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Nov 12, 2010

Cabinet approves draft climate policy

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Africa|Gas|PROJECT|Sustainable|Water|Africa|Environmental|Water
Africa|Gas|PROJECT|Sustainable|Water|Africa|Environmental|Water
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South Africa's draft national Climate Change Policy, known as the green paper, has been approved by Cabinet, and would be gazetted imminently, opening up the public comment process.

Newly appointed Water and Environmental Affairs Minister Edna Molewa said that following the comment phase, a white paper would be compiled, and the final policy was expected by mid-2011.

The climate change green paper was long awaited, and was initially tipped for publication in September 2009, then delayed till after the global climate change negotiations in Copenhagen.

"Climate change is considered one of the most serious threats to sustainable development," Molewa said, adding that its adverse impacts were particularly prevalent in Africa.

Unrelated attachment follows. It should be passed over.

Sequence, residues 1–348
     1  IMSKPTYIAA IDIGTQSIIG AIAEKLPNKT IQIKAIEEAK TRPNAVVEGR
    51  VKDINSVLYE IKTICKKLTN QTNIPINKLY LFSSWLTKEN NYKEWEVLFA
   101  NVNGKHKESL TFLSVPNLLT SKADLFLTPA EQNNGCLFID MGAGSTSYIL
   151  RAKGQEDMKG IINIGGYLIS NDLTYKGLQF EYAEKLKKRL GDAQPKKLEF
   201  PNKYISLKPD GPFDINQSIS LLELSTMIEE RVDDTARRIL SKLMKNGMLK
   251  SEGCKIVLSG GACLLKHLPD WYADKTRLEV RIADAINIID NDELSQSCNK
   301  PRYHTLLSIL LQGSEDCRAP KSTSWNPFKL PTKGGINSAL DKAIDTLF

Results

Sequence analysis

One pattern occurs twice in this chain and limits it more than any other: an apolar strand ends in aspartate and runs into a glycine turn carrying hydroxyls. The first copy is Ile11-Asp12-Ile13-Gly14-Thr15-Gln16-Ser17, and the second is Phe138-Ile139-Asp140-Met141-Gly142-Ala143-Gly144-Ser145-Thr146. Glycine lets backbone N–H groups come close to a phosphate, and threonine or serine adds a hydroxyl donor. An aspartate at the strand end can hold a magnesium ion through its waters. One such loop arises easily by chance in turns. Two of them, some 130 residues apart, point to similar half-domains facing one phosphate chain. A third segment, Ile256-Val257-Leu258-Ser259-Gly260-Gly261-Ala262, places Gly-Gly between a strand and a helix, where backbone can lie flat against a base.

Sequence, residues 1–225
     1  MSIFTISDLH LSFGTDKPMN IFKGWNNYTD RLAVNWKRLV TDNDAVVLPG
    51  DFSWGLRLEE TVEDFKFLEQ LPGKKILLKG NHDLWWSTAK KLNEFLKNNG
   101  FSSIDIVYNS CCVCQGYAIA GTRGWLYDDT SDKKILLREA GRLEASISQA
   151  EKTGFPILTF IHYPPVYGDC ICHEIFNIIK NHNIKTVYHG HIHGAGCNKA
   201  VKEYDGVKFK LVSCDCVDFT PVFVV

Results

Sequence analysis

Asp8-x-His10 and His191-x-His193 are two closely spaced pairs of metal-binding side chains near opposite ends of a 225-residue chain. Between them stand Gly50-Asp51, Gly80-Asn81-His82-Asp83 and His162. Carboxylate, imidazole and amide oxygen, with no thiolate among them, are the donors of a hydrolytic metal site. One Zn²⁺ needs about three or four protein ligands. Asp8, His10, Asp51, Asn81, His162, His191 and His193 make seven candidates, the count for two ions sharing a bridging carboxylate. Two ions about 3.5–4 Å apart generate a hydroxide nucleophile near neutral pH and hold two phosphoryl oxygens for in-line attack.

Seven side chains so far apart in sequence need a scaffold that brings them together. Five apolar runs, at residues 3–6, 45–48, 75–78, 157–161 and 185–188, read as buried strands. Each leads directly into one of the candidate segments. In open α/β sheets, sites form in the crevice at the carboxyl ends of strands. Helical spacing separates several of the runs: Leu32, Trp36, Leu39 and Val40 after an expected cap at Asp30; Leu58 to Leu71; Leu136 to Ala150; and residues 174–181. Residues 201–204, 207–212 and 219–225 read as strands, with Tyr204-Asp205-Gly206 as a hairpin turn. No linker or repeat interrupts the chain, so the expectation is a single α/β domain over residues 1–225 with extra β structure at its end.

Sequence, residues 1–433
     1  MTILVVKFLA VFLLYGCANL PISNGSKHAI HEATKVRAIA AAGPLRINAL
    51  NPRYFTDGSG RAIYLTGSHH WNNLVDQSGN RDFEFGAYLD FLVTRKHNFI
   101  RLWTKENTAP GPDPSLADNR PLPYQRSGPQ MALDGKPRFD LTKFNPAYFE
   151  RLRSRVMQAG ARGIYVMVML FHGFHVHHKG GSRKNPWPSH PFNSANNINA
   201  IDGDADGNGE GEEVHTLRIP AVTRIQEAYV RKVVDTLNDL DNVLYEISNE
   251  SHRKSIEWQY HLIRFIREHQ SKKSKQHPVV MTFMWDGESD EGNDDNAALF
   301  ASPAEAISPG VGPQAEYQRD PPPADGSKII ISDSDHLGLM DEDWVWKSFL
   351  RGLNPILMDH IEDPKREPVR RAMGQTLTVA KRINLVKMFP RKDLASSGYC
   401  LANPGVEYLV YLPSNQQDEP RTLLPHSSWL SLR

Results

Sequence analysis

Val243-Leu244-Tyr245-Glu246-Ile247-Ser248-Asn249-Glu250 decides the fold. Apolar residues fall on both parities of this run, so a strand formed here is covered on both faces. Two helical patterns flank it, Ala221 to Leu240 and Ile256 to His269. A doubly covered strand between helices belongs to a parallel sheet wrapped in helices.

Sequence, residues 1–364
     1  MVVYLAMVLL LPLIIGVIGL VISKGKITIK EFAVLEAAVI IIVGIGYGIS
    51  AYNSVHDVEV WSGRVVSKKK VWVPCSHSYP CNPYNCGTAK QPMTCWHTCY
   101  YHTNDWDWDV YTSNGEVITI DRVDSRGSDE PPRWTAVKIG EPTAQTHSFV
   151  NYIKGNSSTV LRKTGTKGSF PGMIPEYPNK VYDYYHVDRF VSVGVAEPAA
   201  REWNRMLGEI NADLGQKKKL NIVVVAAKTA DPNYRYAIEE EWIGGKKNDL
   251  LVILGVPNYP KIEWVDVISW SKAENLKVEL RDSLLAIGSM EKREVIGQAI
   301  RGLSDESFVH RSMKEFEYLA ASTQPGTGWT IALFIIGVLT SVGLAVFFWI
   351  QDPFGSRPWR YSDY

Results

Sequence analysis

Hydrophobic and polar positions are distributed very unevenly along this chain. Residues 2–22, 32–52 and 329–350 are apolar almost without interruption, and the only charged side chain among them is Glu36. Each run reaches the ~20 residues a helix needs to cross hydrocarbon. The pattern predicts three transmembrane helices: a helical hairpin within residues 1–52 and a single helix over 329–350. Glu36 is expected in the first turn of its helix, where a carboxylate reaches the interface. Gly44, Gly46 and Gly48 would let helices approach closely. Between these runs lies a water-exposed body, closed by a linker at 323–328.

She added that the green paper shows that the department has begun acting on climate change, and that it was not merely adopting a wait-and-see approach.

Molewa also stated the department has been tasked to present proposed programmes for a green economy at the Cabinet Lekgotla in January 2011.

A green economy plan was initially expected from the department in July, following the first green economy summit, which was held in Johannesburg in May. It was understood that it was delayed owing to calls for greater consultation with stakeholders.

Addressing stakeholders gathered at the launch of the South African Carbon Disclosure Project on Thursday, Molewa said that it had reached a point where it would be difficult to identify a sector of the economy that would not be affected by climate change.

She commended companies that were voluntarily disclosing their carbon footprints and working on strategies to lower emissions, stating that business should lead in this regard.

She added that once the climate change policy was finalised, greenhouse gas monitoring would be mandatory and noncompliance would face penalties.

Thus, those companies which were voluntarily reporting on such issues would likely benefit and avoid penalties.

"Tackling climate change requires actions on many fronts", Molewa reiterated, adding that South Africa, as Africa's highest emitter, and the twelfth-largest greenhouse gas emitter in the world, had a responsibility to demonstrate leadership in this regard.

 

Edited by: Mariaan Webb
Creamer Media Senior Researcher and Deputy Editor Online
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